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Archive for the ‘Erie Canal’ Category

YNN, link to original post

It’s a quiet, pretty walk along the Erie Canal path in Chittenango. The area’s history dates back centuries. However, you might not be aware its rich paranormal activity. “When we first started investigating the Erie Canal, we came as a fluke. We didn’t really expect much, but we did get a lot of evidence,” said Stacey Jones, the founder of CNY Ghost Hunters.

The original Erie Canal is actually half a mile up the road. It was 40 feet wide and four feet deep. It was used from the 1820s through the 1850s. The area is believed to be haunted. “There was an outbreak of Cholera at one point and a lot of the people building the canal were buried out in the woods and were not given proper burials,” said Jones.

Douglas Rainbow, the Co-Founder of the Chittenango Landing Canalboat Museum added, “Clay Hill road, which sits up here about half a mile on the right, was originally called Cholera Hill. And the mass graves are still visible if you know where to find them.”

This canal, or the Enlarged Erie Canal was expanded to 70 feet wide and 7 feet deep to allow for larger barges. It was used from the 1850s through 1917. It also has its share of paranormal stories.

In the 1800s, a Sheriff and his horse died there. “The lore surrounding it is that the horse got spooked by something that was on the other side of the canal and it was describe as being something like a ghost-like figure or a shadow figure. And that’s what ended up spooking the horse and killing them both,” said Jones.

That death was documented in local papers. Two other deaths were also well known. “The boiler exploded here in 1906. And there was two men killed. One guy was pushed through the building by timbers and was crushed and died later on that night. The other one had his head blown off. And the body was found down in the woods down there, and they never did find his head,” said Rainbow.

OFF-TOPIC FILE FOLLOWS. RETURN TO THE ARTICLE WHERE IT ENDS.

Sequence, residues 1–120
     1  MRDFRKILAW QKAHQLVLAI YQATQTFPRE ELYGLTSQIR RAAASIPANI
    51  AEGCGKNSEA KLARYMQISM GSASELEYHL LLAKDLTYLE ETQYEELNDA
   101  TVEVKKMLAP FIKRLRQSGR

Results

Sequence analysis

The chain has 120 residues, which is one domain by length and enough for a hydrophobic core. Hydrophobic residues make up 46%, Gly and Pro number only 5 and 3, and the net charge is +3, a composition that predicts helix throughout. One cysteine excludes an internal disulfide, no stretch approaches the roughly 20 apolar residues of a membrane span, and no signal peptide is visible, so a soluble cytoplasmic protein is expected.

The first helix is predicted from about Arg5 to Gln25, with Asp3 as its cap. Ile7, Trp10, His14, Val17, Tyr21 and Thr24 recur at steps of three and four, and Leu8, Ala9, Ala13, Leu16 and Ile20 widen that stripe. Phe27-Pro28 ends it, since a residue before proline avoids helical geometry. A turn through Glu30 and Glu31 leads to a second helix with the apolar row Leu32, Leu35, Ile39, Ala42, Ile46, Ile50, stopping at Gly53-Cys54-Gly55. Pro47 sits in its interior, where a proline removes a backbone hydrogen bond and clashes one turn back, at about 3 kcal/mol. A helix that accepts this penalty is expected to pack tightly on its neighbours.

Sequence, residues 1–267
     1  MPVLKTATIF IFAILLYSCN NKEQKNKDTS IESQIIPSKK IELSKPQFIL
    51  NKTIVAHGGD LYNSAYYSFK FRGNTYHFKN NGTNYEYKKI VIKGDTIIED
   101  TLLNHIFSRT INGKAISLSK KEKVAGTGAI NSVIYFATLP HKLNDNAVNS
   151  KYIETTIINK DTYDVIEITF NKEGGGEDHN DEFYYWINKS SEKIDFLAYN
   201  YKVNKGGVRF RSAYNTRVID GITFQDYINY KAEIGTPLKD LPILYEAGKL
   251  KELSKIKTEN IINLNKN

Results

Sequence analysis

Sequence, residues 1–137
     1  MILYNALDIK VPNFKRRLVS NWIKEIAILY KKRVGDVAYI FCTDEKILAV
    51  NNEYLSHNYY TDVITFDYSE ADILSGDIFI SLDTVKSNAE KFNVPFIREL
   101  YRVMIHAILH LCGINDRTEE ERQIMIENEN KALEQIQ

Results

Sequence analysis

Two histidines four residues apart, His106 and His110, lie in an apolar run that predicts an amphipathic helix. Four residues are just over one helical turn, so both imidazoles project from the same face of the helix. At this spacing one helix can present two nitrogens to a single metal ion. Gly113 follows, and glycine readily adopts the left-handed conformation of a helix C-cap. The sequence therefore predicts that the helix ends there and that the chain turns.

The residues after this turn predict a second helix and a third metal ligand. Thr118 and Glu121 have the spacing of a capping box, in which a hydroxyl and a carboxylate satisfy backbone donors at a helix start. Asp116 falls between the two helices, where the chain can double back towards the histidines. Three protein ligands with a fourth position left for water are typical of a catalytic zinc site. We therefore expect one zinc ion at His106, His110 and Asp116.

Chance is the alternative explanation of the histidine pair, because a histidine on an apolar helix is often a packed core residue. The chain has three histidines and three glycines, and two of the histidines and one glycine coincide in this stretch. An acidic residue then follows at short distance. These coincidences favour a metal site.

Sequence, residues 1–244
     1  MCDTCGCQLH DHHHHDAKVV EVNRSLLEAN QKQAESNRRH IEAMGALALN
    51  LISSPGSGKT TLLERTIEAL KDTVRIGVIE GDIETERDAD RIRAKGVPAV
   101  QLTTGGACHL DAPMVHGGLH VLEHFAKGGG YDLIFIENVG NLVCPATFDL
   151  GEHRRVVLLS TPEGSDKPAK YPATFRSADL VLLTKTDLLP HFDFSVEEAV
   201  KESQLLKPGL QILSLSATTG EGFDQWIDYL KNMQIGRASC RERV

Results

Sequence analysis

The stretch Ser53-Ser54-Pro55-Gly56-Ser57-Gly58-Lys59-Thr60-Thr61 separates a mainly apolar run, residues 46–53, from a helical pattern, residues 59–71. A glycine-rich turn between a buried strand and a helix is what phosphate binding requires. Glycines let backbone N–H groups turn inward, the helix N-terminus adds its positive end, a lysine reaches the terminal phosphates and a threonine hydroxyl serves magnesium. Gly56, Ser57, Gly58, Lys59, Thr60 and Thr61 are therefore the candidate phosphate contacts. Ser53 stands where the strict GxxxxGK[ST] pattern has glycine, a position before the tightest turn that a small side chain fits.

However, there’s one death that very few people know about. In a dying message to his sister, a man told her about a boy who he and his friend witnessed drown in the canal when they were just 10 or 12 years old. And before the sister died, she told the story to Douglas Rainbow, the Co-Founder of the Chittenango Landing Canal Boat Museum.

“This kid was from out of town and they goaded him into jumping off the bridge, which he went into the mud head first. I don’t think he jumped. I think he was pushed. And they realized that he died. He suffocated and died. And they didn’t know what to do with him. And there was an old barge parked along here, called the “Beech Nut.” And it was far enough away from the wall, and they buried the body in the mud,” said Rainbow.

There isn’t any record of the death. “You didn’t report it nationwide. It didn’t go out in a bulletin. You went to your local PD if you son or grandson was missing. And generally, that’s as far as it went,” said Rainbow.

Stacey Jones and her team, the CNY Ghost Hunters, have done several paranormal investigations there.

Jones said, “We get a lot of EVP which is electronic voice phenomenon. And the phenomenon is disembodied voices. We’ll ask questions, and these voices will come back and give us answers.” She continued, “Everybody experiences something different here. Some people get pictures. Some get EVP. Some people actually physically see things.”

Jones and her team say it’s the compelling evidence they get every visit that will keep them coming back for years to come.

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Click here to watch the video: Reflections on Biking the Erie Canalway Trail

Click here o find out more about the Erie Canway Tour.

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by Meg Vanek, Auburn Citizen, link to original post